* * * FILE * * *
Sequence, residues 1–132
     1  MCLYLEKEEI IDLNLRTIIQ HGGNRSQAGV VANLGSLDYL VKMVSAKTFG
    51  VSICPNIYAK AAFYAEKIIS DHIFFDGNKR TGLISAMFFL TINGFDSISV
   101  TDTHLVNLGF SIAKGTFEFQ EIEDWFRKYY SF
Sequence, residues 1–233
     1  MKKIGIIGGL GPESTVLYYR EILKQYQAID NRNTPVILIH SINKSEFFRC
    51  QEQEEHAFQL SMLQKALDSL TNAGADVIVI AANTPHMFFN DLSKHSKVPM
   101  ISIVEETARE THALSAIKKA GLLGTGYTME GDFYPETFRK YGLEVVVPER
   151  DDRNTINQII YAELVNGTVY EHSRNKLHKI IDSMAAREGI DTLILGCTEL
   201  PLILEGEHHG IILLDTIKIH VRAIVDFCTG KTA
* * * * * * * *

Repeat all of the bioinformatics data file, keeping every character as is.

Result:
Sequence, residues 1–132
     1  MCLYLEKEEI IDLNLRTIIQ HGGNRSQAGV VANLGSLDYL VKMVSAKTFG
    51  VSICPNIYAK AAFYAEKIIS DHIFFDGNKR TGLISAMFFL TINGFDSISV
   101  TDTHLVNLGF SIAKGTFEFQ EIEDWFRKYY SF
Sequence, residues 1–233
     1  MKKIGIIGGL GPESTVLYYR EILKQYQAID NRNTPVILIH SINKSEFFRC
    51  QEQEEHAFQL SMLQKALDSL TNAGADVIVI AANTPHMFFN DLSKHSKVPM
   101  ISIVEETARE THALSAIKKA GLLGTGYTME GDFYPETFRK YGLEVVVPER
   151  DDRNTINQII YAELVNGTVY EHSRNKLHKI IDSMAAREGI DTLILGCTEL
   201  PLILEGEHHG IILLDTIKIH VRAIVDFCTG KTA